The Health and Human Services Committee of the Saratoga County Board of Supervisors met last week. Their meeting was a debacle with members apparently shouting at each other before the committee inappropriately went into executive session. The meeting demonstrated that in spite of the change in leadership, many of the problems that plagued the Board last year are still with us.
The county was allocated 400 doses of the COVID vaccine with apparently very little notice. The county’s Health Department requested assistance from the Board of Supervisors in locating eligible persons to receive the shots.
According to the Times Union:
The state had charged local pharmacies with vaccinating those 65 and older, but created this allotment because of the lack of pharmacies in some areas of the county, according to one supervisor.TU January 28, 2021
So the 400 doses were only to go to residents 65 or older with “an emphasis placed on reaching homebound seniors.”
The Times Union found that “none of the towns maintain official lists of seniors.” It is my understanding that local municipalities are supposed to maintain lists of disabled and/or isolated individuals in the event of an emergency/evacuation. Such lists are notoriously unreliable due to the cost of keeping them up to date. Apparently, many of the Supervisors didn’t even know that they had such lists. The Sheriff Department’s list was outdated.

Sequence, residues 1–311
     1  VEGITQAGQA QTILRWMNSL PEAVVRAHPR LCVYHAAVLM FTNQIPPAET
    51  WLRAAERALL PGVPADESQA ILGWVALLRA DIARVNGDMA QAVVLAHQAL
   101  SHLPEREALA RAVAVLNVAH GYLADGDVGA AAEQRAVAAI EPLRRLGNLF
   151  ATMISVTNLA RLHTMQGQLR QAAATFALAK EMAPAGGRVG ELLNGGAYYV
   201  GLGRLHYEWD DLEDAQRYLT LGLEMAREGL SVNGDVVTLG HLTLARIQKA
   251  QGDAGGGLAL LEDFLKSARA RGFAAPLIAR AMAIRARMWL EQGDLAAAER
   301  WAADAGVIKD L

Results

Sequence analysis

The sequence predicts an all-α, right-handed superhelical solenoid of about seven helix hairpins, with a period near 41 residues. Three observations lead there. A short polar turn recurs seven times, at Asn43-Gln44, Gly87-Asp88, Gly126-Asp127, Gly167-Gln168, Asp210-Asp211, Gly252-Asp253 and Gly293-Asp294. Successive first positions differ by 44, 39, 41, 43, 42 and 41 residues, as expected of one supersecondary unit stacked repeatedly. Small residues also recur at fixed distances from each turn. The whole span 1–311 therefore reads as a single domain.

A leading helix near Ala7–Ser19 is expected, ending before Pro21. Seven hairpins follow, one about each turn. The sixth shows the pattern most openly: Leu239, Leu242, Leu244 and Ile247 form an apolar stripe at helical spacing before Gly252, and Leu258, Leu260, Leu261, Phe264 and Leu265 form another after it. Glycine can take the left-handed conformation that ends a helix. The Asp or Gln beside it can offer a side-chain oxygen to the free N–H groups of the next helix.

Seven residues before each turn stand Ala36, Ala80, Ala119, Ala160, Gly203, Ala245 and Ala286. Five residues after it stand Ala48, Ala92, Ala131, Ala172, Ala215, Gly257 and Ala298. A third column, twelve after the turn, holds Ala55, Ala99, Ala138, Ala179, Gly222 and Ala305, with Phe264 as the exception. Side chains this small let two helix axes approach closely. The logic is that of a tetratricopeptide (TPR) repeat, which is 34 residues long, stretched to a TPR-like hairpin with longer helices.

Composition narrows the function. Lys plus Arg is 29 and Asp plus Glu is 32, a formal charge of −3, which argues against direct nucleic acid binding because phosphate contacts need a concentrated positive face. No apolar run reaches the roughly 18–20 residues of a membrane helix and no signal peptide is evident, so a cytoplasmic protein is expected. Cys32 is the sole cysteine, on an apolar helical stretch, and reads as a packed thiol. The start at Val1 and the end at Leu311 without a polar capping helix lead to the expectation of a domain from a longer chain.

The article points out also that it is expensive and time consuming to inoculate people in their homes. In addition to the time required for travel and to give the shot, there is a need to wait an additional fifteen minutes in the event of an allergic reaction.
The TU first tried to contact the county’s Public Health Commissioner Daniel Kuhles for more information.
The Times Union reached out to Saratoga County Public Health Commissioner Daniel Kuhles’ office Thursday for clarification on how the county developed its plan, and was told he wasn’t available unless questions were sent to the county’s public relations agency, Gramercy Communications. The Times Union had not heard from Kuhles by early Thursday evening.Times Union January 29, 2021
Dr. Kuhles’ resistance to being transparent is not a new problem. In a previous post I reported on the complaint by Mayor Meg Kelly about Dr. Kuhles’ lack of communication. I find it especially troubling that the TU was directed to a public relations firm in Albany the county contracts with. Why should the county need a public relations firm to answer questions that the County Health Commissioner is supposed to be competent to answer?
According to the Times Union, most of the coordination and communications ended up going through Saratoga Springs Supervisor Tara Gaston who chairs the county Health and Human Services Committee.
On Thursday, Gaston admitted she had made mistakes, but defended the intent behind the decisions. The county health department doesn’t have the staffing or capacity to build a list of eligible seniors quickly, she said. The county is in the process of organizing a call center to help determine vaccine eligibility.TU January 29, 2021
Supervisor Gaston emailed her fellow Supervisors on Sunday night advising them of the availability of the 400 doses and asking them to provide a list of eligible persons to her by noon on Monday. Unfortunately, I do not have a copy of the email. I contacted Supervisor Gaston last Wednesday (January 27) and to date (February 2) she has not responded.